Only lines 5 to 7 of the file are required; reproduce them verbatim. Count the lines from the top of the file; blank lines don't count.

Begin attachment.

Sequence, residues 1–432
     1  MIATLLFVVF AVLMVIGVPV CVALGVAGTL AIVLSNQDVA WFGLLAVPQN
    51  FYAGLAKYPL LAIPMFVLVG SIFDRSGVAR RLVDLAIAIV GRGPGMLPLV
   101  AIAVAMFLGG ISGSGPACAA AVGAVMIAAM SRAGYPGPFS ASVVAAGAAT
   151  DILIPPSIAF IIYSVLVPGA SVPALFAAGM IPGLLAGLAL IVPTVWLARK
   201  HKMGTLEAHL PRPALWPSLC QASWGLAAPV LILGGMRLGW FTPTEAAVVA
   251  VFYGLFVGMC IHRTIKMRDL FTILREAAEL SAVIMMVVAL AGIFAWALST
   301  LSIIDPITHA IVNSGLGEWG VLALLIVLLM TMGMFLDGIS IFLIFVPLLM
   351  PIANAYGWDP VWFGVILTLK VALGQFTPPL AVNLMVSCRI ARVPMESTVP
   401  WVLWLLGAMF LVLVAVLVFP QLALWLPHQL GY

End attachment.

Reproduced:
   151  DILIPPSIAF IIYSVLVPGA SVPALFAAGM IPGLLAGLAL IVPTVWLARK
   201  HKMGTLEAHL PRPALWPSLC QASWGLAAPV LILGGMRLGW FTPTEAAVVA
   251  VFYGLFVGMC IHRTIKMRDL FTILREAAEL SAVIMMVVAL AGIFAWALST